or EAR, (15 CFR §730–774) are promulgated by the Department of Commerce to regulate the export of most items not controlled by the ITAR (defense items). "Items" includes products; equipment or materials required to make controlled items; software and information required to develop, produce, or use controlled items. Items that are not controlled by the EAR include items controlled by another U.S. government department or publicly available information, informational materials, software and technology.

Export Control Classification Number (ECCN) – a five-character alphanumeric classification used under the EAR to identify items on the Commerce Control List.

document stating that the relevant government agency has granted the licensee the authority to export, re-export a specified commodity, technology, or software to a specific country; or perform other regulated activity as specified on the application.

EAR defines “national” as a person owing permanent allegiance to a state. EAR’s foreign national is comparable to the ITAR’s "foreign person". Under ITAR, a foreign person is any person who is not a U.S. citizen, a lawful permanent resident alien (“green card holder”), a refugee, a protected political asylee, or someone granted temporary residency under amnesty or Special Agricultural Worker provisions.  The definition also includes any foreign government or any foreign corporation or entity that is not incorporated or organized to do business in the U.S.

basic or applied research in science and engineering where the resulting information is ordinarily published and shared broadly in the scientific community.

  • Under the EAR -- university research normally will be considered as fundamental research unless the university or its researchers accept sponsor restrictions on the publication of scientific and technical information resulting from the project or activity. Research at companies or outside the US can qualify as fundamental research when there are no restrictions on publishing the results. The EAR specifically permits limited prepublication reviews by research sponsors to prevent the inadvertent divulging of proprietary information provided to the researcher by the sponsor or to ensure that publication will not compromise the patent rights of the sponsor.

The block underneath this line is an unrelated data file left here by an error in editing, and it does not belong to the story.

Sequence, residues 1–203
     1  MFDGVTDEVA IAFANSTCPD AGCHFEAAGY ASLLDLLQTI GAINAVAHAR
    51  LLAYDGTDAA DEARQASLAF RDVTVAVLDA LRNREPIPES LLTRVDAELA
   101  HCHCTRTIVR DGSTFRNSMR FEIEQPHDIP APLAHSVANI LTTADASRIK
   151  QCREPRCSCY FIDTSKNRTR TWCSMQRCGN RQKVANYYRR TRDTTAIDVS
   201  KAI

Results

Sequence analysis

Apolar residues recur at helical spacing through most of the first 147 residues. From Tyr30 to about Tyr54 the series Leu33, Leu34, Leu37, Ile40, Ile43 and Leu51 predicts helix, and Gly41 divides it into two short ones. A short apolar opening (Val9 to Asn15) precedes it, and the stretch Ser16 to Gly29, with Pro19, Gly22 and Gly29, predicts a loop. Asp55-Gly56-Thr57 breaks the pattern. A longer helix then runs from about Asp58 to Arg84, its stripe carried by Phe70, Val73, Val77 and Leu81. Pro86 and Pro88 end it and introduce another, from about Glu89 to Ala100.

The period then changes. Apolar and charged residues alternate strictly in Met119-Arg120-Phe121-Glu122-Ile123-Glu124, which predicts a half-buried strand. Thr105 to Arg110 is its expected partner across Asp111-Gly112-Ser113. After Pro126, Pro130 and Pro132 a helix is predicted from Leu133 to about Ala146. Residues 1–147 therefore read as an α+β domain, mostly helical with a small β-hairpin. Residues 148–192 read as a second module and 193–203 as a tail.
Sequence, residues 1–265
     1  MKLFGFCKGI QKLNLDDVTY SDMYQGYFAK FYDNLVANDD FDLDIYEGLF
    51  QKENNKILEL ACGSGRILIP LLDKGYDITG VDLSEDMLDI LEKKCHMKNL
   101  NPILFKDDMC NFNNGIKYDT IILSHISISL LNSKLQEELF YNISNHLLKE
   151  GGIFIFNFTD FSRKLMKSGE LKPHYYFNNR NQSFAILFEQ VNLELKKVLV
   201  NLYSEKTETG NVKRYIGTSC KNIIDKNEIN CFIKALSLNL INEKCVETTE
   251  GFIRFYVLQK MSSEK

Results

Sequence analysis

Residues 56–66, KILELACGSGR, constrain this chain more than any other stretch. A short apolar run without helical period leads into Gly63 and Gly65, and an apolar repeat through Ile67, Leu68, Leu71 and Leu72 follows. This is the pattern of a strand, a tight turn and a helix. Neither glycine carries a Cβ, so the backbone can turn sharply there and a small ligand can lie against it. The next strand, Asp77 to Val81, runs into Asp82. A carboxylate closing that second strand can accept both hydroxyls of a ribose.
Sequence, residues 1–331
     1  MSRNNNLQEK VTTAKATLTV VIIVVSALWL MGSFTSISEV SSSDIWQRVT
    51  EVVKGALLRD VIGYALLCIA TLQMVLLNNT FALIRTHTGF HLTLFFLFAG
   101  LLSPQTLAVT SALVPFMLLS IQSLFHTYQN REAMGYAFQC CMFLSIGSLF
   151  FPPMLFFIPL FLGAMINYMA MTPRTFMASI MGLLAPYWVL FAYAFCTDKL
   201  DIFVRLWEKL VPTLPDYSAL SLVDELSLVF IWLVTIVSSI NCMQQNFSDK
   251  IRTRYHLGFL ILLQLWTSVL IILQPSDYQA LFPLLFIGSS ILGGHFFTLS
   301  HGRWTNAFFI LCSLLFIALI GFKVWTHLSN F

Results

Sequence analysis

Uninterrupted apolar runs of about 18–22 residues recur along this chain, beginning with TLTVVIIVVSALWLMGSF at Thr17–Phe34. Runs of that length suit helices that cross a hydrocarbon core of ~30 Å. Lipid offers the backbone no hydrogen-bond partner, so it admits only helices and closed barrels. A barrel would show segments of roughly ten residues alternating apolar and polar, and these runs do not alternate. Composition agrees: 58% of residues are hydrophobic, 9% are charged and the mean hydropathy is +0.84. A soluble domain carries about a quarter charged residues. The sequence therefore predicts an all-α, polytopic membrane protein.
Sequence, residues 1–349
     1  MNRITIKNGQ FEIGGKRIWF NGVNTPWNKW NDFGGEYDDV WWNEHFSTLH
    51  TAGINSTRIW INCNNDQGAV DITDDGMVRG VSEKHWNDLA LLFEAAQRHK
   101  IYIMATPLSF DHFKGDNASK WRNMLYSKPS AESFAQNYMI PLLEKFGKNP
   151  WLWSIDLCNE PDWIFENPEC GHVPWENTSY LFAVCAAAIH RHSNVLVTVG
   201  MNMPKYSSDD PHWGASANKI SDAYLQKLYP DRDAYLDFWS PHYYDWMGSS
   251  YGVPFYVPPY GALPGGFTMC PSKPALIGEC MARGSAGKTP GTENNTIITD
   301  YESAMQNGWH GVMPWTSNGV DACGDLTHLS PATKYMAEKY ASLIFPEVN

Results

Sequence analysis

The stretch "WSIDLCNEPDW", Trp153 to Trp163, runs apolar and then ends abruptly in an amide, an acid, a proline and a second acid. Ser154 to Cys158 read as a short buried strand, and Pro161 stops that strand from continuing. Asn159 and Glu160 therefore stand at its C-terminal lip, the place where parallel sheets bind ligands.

• Under the ITAR -- only research at accredited institutions of higher learning in the U.S. can qualify as fundamental. University research will not qualify as fundamental research if: (1) the university or its researchers accept any restrictions on the publication of scientific and technical information resulting from the project or activity; or (2) the research is federally funded and specific access and dissemination controls protecting information resulting from the research have been accepted by the university or the researcher.

Under the EAR, U.S. universities performing fundamental research may allow foreign members of their communities (e.g., students, faculty, and visitors) to participate in research projects involving export-controlled technical information on campus in the U.S. without a deemed export license, as long as the technical information used in the project is publicly available. Further, technical information resulting from fundamental research may be shared with foreign colleagues abroad and shipped out of the United States without securing a license.

University research will not be considered fundamental research if:

  1. The University or its researchers accept other restrictions on the publication of scientific and technical information resulting from the project or activity, or

  2. The research is funded by the U.S. Government and specific access and dissemination controls protecting information resulting from the research are applicable.